Welcome to the 'New Somerset and Dorset Railway'

The original Somerset and Dorset Railway closed very controversially in 1966. It is time that decision, made in a very different world, was reversed. We now have many councillors, MPs, businesses and individuals living along the line supporting us. Even the Ministry of Transport supports our general aim. The New S&D was formed in 2009 with the aim of rebuilding as much of the route as possible, at the very least the main line from Bath (Britain's only World Heritage City) to Bournemouth (our premier seaside resort); as well as the branches to Wells, Glastonbury and Wimborne. We will achieve this through a mix of lobbying, trackbed purchase and restoration of sections of the route as they become economically viable. With Climate Change, road congestion, capacity constraints on the railways and now Peak Oil firmly on the agenda we are pushing against an open door. We already own Midford just south of Bath, and are restoring Spetisbury under license from DCC, but this is just the start. There are other established groups restoring stations and line at Midsomer Norton and Shillingstone, and the fabulous narrow gauge line near Templevcombe, the Gartell Railway.

There are now FIVE sites being actively restored on the S&D and this blog will follow what goes on at all of them!
Midford - Midsomer Norton - Gartell - Shillingstone - Spetisbury


Our Aim:

Our aim is to use a mix of lobbying, strategic track-bed purchase, fundraising and encouragement and support of groups already preserving sections of the route, as well as working with local and national government, local people, countryside groups and railway enthusiasts (of all types!) To restore sections of the route as they become viable.
Whilst the New S&D will primarily be a modern passenger and freight railway offering state of the art trains and services, we will also restore the infrastructure to the highest standards and encourage steam working and steam specials over all sections of the route, as well as work very closely with existing heritage lines established on the route.

This blog contains my personal views. Anything said here does not necessarily represent the aims or views of any of the groups currently restoring, preserving or operating trains over the Somerset and Dorset Railway!

Wednesday, September 12, 2007

bike to the future



A recent message board post suggested that we should oppose cycleways. This may have been a valid argument 20 years ago, as a reaction to the dinosaur thinking of some of the cycle groups in the 80s, but I really don't think it applies today.

Look ahead 20 years. Cheap oil will have disappeared from the market. Private cars will be the preserve of a few very rich people. Air travel will be the same. Economies will be much more locally and regionally based. Roads will fall into disuse as people refuse to pay taxes to maintain them. Railways will be being feverishly rebuilt across the country. Cities and larger towns will be rushing to build tramways. Rail will be in the ascendant ...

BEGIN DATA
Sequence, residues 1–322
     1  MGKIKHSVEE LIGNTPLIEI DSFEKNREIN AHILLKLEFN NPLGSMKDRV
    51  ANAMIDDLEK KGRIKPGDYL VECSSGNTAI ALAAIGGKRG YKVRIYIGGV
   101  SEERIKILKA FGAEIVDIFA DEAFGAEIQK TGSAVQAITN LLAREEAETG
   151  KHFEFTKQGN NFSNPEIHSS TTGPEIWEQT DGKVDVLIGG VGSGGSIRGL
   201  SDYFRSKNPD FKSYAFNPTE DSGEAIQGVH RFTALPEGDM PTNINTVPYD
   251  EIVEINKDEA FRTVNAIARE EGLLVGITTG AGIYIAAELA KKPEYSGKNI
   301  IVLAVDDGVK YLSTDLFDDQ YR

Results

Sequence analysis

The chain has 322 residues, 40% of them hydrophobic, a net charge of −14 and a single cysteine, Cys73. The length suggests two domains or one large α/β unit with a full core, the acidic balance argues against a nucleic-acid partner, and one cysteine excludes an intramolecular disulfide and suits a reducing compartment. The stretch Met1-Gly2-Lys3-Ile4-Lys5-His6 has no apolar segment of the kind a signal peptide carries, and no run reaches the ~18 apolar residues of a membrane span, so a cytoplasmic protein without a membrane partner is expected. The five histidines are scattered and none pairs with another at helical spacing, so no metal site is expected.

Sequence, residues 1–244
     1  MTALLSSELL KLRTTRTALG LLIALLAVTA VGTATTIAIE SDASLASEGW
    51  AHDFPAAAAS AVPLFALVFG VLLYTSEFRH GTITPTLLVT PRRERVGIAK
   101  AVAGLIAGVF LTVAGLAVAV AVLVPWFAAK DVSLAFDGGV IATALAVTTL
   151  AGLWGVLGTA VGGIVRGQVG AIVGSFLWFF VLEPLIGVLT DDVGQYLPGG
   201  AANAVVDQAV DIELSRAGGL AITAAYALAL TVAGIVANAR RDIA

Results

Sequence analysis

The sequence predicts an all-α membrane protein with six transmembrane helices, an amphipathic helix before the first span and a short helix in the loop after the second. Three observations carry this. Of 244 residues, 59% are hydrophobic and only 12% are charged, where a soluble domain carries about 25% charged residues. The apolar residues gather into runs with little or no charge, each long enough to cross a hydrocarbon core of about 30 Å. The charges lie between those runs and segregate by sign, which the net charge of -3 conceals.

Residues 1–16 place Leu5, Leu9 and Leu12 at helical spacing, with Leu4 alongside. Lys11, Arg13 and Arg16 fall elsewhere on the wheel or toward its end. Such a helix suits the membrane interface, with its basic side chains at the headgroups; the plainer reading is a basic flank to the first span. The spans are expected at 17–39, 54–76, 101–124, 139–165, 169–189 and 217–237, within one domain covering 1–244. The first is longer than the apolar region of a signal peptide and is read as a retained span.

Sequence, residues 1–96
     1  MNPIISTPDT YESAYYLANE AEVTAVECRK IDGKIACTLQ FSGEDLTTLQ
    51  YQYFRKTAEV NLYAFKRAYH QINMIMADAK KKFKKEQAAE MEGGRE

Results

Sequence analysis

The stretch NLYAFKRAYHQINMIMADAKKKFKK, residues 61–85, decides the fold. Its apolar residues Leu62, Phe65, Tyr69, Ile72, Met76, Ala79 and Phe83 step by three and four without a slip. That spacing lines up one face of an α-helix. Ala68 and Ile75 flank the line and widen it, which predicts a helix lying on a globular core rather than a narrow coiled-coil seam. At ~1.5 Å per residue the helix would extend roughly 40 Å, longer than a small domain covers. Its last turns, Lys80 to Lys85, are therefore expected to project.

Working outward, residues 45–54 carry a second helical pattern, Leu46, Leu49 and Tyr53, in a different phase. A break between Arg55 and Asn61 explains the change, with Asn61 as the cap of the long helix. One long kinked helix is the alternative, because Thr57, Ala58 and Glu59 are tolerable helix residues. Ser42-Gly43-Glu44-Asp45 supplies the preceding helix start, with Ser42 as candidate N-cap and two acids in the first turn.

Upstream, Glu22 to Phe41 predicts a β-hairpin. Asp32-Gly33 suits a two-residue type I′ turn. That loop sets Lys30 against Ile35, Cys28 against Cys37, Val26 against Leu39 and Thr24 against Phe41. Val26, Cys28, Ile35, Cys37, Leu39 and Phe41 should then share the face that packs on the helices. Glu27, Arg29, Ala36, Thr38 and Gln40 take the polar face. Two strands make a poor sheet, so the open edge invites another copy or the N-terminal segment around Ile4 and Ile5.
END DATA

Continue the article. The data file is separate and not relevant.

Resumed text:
But even rail requires energy. A new nuclear industry may well allow many lines to be electrified, as long as uranium remains available. Many lines will use wood burning steam. But a transport system that requires almost no energy at all should also be allowed to flourish - the bike. There is already a reasonably large cycleway network in the UK, but Sustrans struggles to raise the money to keep it going, let alone expand. Some Sustrans routes use rail trackbeds that will inevitably have to revert to rail in the future. But of course within a decade or two there will be a whole new resource for Sustrans to transform - the dying road network! This should mean that a transformation of our transport from road to rail and bike should be fairly easy to achieve. Railways will be able to take the medium to long distance traffic, plus freight, whilst the cycleways will allow individuals and families to range up to 10 or 20 miles from their homes. The climate will benefit, people's health will benefit, wildlife and the countryside will flourish and we'll still be able to keep a reasonably high standard or living.

So let's not pretend the rail revivalists and cyclists are somehow at odds, we're actually destined to work TOGETHER in the future. Rather than knock Sustrans let's join in droves and invite them to join us ...
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9 comments:

Bogie said...

We could always operate using a hub and spoke system, where trains form the hub (town to town, city to city) and bikes form the spokes (town/city stations to outlying suburbs/villages).

Sunshiner said...

Sounds good! And let's not forget that narrow-gauge light or ultra-light railways could also serve a very useful purpose linking smaller communities to larger ones in the future. Or perhaps a French-style velorail model could also be a useful idea.

Toddingtonted said...